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Earlier Laws Had Lessons for Clean Air Act

Monday, April 1, 2019
Stephen R. Dujack

Stephen R. Dujack

Editor, The Environmental Forum®

It was a half century ago that the federal government for the first time went to court “to close down a plant for polluting the air.” The quote is from the February 8, 1969, edition of the New York Times. The facility at issue was a chicken rendering plant in Bishop, Maryland, whose emissions were wafting into neighboring Delaware, thus allowing newly installed Attorney General John Mitchell — who would go on to play a major role in the Watergate scandal — to initiate the history-making suit.

The filing came more than a year before debate was to begin in Congress on the Clean Air Act of 1970, which would authorize all sorts of federal suits against offending facilities, even if the pollution were local, including suits by ordinary citizens. But its predecessor, the Clean Air Act of 1963, was not a totally impotent tool. And neither were its predecessors, dating back to the first federal air pollution statute, passed during President Eisenhower’s first term. That is the conclusion of Christopher D. Ahlers, writing in Environmental Law, a journal published by Lewis & Clark Law School. 

Clean Air Act

Furthermore, says Ahlers, the events of 1970, such as Earth Day and the founding of the Environmental Protection Agency, although inspirational, were not the main factors driving congressional passage of the new air amendments.

“Although the events of the Year of the Environment played a role in motivating the passage of the Clean Air Amendments of 1970, they do not explain how Congress actually constructed the CAA,” Ahlers writes. “Contrary to the traditional view, the modern CAA was the product of a long, plodding legislative process over the course of 15 years, in which Congress grappled with the problem of addressing a complex problem within contemporary legal and political constraints.” Ahlers believes that “far from being weak and ineffectual, the federal air pollution laws of 1955, 1963, 1965, and 1967 laid the legal and conceptual framework for the modern CAA.”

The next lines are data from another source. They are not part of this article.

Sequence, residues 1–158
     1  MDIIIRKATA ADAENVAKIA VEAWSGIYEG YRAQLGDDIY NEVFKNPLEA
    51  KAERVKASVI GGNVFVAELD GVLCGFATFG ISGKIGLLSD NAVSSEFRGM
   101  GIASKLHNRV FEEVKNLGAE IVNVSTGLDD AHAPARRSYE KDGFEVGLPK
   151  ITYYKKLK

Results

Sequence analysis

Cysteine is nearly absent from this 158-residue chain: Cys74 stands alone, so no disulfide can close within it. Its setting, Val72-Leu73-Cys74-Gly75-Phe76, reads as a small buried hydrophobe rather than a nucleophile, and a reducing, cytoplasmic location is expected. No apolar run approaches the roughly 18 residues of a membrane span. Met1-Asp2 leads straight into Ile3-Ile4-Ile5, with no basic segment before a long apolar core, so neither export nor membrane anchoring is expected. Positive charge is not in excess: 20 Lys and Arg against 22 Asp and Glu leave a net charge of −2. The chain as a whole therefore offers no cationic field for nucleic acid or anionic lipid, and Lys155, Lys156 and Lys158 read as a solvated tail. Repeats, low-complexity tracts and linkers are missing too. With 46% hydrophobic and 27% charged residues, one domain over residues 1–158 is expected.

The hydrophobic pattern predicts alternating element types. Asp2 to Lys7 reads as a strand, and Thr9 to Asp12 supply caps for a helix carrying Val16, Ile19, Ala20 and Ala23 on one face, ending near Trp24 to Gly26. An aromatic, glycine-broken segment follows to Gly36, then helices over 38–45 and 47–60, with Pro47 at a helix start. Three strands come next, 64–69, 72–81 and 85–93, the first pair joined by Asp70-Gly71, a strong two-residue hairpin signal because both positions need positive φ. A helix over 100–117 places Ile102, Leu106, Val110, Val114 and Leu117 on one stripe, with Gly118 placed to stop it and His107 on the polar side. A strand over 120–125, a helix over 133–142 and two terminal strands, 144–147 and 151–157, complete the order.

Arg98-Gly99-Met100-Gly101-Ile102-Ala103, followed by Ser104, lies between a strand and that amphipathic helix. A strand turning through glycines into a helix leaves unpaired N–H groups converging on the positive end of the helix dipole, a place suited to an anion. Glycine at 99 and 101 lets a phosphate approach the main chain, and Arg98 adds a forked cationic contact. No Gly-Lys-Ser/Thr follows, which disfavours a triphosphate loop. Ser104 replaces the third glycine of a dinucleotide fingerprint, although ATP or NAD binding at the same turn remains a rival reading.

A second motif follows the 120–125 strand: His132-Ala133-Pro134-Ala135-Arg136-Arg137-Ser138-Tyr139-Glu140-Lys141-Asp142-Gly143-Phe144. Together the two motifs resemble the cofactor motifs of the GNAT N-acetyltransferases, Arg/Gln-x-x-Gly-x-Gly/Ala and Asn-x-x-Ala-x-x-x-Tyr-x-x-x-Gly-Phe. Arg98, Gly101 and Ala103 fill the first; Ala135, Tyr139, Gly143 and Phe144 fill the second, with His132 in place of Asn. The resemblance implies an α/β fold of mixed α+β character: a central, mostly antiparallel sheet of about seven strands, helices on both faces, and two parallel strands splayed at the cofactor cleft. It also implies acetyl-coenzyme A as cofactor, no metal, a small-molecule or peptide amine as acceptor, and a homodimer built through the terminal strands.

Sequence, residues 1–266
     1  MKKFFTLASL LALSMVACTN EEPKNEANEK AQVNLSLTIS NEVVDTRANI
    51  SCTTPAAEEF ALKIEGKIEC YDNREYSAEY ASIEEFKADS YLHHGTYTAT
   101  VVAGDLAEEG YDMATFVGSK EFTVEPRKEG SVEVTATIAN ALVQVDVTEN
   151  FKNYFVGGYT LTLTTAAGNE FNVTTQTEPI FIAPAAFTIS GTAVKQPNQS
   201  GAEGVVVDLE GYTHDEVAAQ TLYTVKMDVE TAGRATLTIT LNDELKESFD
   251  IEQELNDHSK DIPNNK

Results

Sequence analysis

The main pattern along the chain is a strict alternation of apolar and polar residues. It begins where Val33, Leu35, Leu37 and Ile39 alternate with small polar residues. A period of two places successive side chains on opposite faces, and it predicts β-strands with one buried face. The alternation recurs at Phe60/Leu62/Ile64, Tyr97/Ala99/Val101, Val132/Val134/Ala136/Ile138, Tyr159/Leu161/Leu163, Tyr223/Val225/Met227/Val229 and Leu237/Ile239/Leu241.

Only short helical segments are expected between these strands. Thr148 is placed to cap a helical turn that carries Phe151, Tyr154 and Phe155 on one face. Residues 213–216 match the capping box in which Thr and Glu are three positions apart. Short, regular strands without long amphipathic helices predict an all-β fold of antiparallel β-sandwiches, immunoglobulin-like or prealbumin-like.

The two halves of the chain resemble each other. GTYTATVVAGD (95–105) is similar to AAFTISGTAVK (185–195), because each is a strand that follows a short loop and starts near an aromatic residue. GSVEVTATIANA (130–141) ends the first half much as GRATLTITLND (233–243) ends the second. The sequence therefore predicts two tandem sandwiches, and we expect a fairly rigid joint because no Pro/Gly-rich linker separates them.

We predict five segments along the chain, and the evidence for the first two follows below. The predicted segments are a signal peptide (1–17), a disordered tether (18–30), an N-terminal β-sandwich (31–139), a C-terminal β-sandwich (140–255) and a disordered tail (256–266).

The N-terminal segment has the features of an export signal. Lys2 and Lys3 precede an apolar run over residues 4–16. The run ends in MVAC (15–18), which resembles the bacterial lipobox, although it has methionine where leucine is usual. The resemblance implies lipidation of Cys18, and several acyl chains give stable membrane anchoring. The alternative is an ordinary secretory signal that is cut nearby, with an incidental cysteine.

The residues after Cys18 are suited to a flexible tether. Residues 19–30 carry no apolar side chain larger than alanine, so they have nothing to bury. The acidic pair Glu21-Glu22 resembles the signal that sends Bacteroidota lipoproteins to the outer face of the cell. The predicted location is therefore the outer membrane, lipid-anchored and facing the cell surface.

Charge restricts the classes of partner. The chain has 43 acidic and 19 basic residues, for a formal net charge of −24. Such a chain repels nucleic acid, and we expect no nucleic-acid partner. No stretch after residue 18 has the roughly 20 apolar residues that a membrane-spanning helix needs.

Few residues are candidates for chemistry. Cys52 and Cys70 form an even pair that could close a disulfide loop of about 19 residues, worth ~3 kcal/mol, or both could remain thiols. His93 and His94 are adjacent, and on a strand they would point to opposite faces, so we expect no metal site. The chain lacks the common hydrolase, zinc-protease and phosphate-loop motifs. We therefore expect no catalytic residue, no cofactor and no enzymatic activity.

Is Ahlers correct? A look at the unrelated events that coincidentally closely followed the first federal air pollution suit shows that the earlier legislation was indeed setting the paradigm for the 1970 amendments.

Three days after Mitchell’s filing, the New York Times noted that the Robert H. Finch, the secretary of health, education, and welfare, published “guidelines [which] set forth minimum levels at which air pollutants are considered harmful to health.” The newspaper quoted a departmental spokesman who said that “a major air pollution control effort would be required” in many areas if the levels were adopted. But the National Air Pollution Control Administration quickly noted that the pollutant numbers were “‘guidelines’ rather than ‘standards.’” A key upgrade of the 1970 amendments, of course, is the requirement that the federal government set ambient air pollution standards requisite to protect public health, but this was an important first step.

On March 16, the Times reported another development in the war against pollution: a successful test of scrubbers and a bag filter at a power plant owned by Southern California Edison. “All the particulate matter and most of the SO2 from an oil-fired burner’s flue gas was removed,” according to the paper. The journal also reported that a coal plant in Reading, Pennsylvania, had been running for two years with electrostatic precipitators able to remove 99.5 percent of fly ash. The 1970 legislation and successors would eventually require such technology.

On March 23, more clean air progress was announced, this time against the oxides of nitrogen that form smog. The California Air Resources Board found that an adjustment on car engines reduced emissions of the ozone precursor by one third. The 1970 clean air amendments would of course require controls to be installed on car engines, including catalytic convertors.

The 1970 CAA and its successors are powerful laws, but significant progress was being made before they passed, highlighting the opportunities for pollution reduction while also showcasing the legal limitations Congress would need to fix in amending the statute.

[This piece originally appeared in the March-April 2019 issue of The Environmental Forum® and is reprinted with permission]